Using blogs as a reflection tool in the classroom can be powerful. I know a few teachers using blogs in ELA classes but nobody using them in math. I thought I would take a few posts to describe my process for using blogs with my middle schoolers in math.

First, the set-up. This part is a little time consuming, but worth it later. So my advice is to take the time needed in the beginning to do these things:

**1. Create a class blog**

I use blogger and just created a new blog for my class. I actually did two, one for my regular math classes and one for advanced math class (in case I want to assign different posts). You can check them out here and here.

**2. Get students to create the blogs**

Next I had students use blogger and create their own math blog. A few tips:

-have students only use their first and last initial when setting up the blog

-pick a uniform format for the blog address. I used

__first name__

__last initial__

__mathblog__.blogspot.com

-Go over privacy things with students. Many might not know how blogs work and that they are public to anyone. They should never share last names or addresses.

-Go over expectations for appropriate content

**3. Follow each student's blog on your blog by using a blog list**

On your blog, add a blog list and include all the student's blogs. This takes a while because you have to type in each student's blog address. It is worth it later, though, so don't skip this step. I organized the blogs by class periods to make them easier to find. It is also nice because I can quickly look at the blog list and see the title of the most recent post, letting me know who most likely did the latest assignment.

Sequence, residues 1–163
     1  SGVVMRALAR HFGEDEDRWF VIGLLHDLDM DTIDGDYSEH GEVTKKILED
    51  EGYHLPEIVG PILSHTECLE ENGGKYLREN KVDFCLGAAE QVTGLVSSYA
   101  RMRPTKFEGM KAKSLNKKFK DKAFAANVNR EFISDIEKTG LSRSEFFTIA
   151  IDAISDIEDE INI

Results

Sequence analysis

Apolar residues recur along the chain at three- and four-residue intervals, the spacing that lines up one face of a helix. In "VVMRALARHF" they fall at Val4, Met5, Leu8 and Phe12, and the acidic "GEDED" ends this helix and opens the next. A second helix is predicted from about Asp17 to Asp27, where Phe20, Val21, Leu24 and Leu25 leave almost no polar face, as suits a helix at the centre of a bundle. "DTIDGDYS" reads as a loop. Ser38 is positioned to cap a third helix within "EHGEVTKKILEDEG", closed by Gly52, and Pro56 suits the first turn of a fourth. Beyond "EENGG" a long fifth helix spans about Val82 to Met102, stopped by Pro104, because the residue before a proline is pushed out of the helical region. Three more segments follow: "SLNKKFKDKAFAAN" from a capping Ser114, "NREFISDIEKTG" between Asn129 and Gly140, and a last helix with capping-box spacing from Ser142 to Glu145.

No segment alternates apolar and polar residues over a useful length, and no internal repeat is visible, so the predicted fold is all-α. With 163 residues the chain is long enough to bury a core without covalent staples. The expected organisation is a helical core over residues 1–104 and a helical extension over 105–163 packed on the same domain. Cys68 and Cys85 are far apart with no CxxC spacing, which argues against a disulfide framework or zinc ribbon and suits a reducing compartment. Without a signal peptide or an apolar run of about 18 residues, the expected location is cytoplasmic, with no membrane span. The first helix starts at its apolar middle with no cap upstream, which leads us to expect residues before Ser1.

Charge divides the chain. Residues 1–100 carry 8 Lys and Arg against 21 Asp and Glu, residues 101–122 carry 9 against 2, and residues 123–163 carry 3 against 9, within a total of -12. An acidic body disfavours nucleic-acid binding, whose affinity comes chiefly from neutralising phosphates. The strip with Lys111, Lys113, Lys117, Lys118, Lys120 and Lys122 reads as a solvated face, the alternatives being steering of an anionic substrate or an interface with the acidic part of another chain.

**4. Teach students how to create a post**

Start simple. Teach students how to create a post. Explain the difference between saving and publishing. Show them how to edit posts or delete them, if needed. Show them how to view their blog and see what people see when they visit their blog.

**5. Put post assignments on your blog.**

Post assignments that you want students to do on your blog. Give students you blog's address and have them go there to find instruction on what they should post.

So, there's the basics to get blogs up and running in your math class. I'll be posting in future posts about how I manage blogs, give feedback, and other little tricks I've learned along the way. Happy blogging!

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